You can safely check if that penicillin allergy in your medical history is truly an issue that could keep you from treatment.
Penicillin allergies are often misdiagnosed or over-diagnosed. In addition, some kinds of penicillin allergies go away over time. If you were told you have a penicillin allergy, chances are you may not actually be allergic to this important antibiotic.
“Between 8% and 15% of all people in the United States have a penicillin allergy in their chart,” said Cosby Stone, M.D., an allergist and immunologist with Vanderbilt’s Drug Allergy Clinic. “And what we find is that if you test 100 people you have to test between 95 and 99 to find even one person who is allergic. So only between 1% and 5% of people who think they are allergic actually are allergic under current practice.”
Why you may not have a penicillin allergy
Penicillin allergies are typically diagnosed in childhood, usually before age 3. But often the symptoms that lead to a penicillin allergy diagnosis aren’t actually an allergic reaction, Stone said. “Sometimes the person is being treated for what is thought to be a bacterial infection, but it’s actually a viral infection,” he explained. “Then that viral infection causes a rash, and the drug gets blamed for the rash.”
Additionally, a virus could interact with penicillin and cause a rash. “Oftentimes teenagers will get mono,” Stone said. “If you give amoxicillin, thinking that it’s strep throat and not mono, quite frequently you will get a rash that everybody blames as being a penicillin allergy, but it’s really a very specific interaction between the drug and the virus.” Also, antibiotics can cause other self-limited rashes during 2% to 5% of all treatments, but most antibiotic-related rashes don’t signify an actual allergy, he added.
Other folks may have experienced minor side effects from penicillin treatment and worried those side effects were indicators of an allergy. “Things like nausea, vomiting and diarrhea can happen with penicillin antibiotics,” Stone said, “but in isolation, that’s a side effect rather than allergy.”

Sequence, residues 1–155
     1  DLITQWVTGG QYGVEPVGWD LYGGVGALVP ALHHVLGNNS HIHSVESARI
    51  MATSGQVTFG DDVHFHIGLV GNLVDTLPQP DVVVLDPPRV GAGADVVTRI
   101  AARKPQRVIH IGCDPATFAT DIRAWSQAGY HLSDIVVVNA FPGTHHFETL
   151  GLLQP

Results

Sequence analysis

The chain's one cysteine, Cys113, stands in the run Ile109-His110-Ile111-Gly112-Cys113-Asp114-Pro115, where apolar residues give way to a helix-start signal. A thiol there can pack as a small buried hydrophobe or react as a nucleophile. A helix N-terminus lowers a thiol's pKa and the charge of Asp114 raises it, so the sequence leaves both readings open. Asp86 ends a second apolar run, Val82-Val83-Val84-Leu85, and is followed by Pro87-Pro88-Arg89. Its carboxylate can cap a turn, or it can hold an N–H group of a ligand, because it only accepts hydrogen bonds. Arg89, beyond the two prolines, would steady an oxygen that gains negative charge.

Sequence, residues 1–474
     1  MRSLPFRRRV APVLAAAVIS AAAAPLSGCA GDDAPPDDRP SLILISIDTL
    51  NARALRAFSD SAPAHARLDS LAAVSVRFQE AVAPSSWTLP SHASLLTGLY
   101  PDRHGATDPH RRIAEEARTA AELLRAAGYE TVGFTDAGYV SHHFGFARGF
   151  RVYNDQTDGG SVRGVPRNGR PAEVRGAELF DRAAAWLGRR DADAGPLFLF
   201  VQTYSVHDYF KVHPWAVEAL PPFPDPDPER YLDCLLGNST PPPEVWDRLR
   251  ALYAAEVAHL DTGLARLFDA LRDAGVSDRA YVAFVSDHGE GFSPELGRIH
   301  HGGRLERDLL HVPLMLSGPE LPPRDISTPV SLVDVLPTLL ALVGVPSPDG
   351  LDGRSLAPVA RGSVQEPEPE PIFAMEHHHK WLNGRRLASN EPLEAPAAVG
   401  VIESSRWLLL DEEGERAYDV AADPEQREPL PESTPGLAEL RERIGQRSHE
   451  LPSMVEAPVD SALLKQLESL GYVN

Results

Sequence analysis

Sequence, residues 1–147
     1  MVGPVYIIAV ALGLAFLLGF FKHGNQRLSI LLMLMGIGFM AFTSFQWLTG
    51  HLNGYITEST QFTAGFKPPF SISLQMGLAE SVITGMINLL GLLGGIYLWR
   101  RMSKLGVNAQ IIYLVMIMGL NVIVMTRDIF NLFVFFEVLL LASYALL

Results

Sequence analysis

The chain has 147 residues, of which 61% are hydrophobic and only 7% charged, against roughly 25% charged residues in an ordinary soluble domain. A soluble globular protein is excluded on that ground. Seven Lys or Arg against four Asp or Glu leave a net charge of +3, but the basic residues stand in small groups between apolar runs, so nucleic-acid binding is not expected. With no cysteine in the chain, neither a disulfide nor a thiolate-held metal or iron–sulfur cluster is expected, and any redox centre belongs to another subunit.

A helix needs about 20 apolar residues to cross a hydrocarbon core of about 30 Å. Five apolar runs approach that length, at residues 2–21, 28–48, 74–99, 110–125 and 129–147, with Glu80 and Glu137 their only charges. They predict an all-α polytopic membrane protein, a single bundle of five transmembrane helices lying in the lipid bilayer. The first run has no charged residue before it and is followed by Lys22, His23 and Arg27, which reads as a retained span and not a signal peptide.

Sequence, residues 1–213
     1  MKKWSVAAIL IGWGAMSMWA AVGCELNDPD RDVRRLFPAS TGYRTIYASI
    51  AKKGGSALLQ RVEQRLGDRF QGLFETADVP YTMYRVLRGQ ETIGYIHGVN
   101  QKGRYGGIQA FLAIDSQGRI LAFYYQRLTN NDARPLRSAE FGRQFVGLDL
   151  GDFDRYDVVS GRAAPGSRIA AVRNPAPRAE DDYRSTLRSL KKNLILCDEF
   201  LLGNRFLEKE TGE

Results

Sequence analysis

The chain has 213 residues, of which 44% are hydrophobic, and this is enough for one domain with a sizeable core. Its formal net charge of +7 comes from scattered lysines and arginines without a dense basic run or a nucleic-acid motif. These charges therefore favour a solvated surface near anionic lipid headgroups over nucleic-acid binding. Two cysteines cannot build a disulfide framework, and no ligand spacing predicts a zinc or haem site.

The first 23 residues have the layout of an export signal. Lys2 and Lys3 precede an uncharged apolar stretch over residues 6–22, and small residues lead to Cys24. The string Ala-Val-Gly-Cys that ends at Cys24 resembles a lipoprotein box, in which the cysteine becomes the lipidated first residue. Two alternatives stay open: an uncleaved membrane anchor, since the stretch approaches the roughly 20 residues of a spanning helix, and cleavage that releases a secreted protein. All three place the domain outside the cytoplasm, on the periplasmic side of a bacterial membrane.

Even if you were diagnosed with this true allergy in childhood, you may have grown out of it in adulthood. “So unless it was a really severe skin rash that landed somebody in the hospital’s burn unit, or the immune system caused damage to the organs or blood,” Stone said, “recent research indicates that people appear to grow out of basically every other form of penicillin allergy.”
The benefits of penicillin allergy testing
Removing a penicillin allergy from your chart when possible removes barriers to care for common illnesses, preventive procedures and life-threatening emergencies.
Removing this specific allergy from your chart when possible removes barriers to care for common illnesses, preventive procedures and life-threatening emergencies. “The reason to get rid of your penicillin allergy,” Stone said, “is because when you show up at the doctor’s office, the emergency room or the operating room, it’s going to affect their decision-making. They may have to choose second- and third-line antibiotics that might be less effective for the thing that you want to treat.”
The testing process
The first thing the allergy team will do is ask you about what happened when you were first given penicillin that led to the allergy diagnosis. “How long ago was that? And what did you have to do for it when you had that reaction?” he explained. “Then we can use that history to put people into different categories of risk.”
If your original reaction to penicillin is consistent with something that’s a low to moderate risk, then likely you’ll receive an allergy skin test. If that is negative, you’ll be given a dose of amoxicillin and remain under careful observation for about 90 minutes.
“We’ve removed hundreds of penicillin allergies just by giving somebody a dose of amoxicillin and watching them,” Stone said. If you tolerate the dose of amoxicillin, that means that you’re not at risk of anaphylactic shock, a severe allergic reaction.
In his time testing for penicillin allergies, Stone said he’s never had a patient experience anaphylaxis during testing. “We’ve never had to give anyone epinephrine,” Stone added. “We’ve never had to rescue anybody during their penicillin allergy testing. The most useful thing that I say to patients is that the main side effect that essentially everyone experiences is boredom.”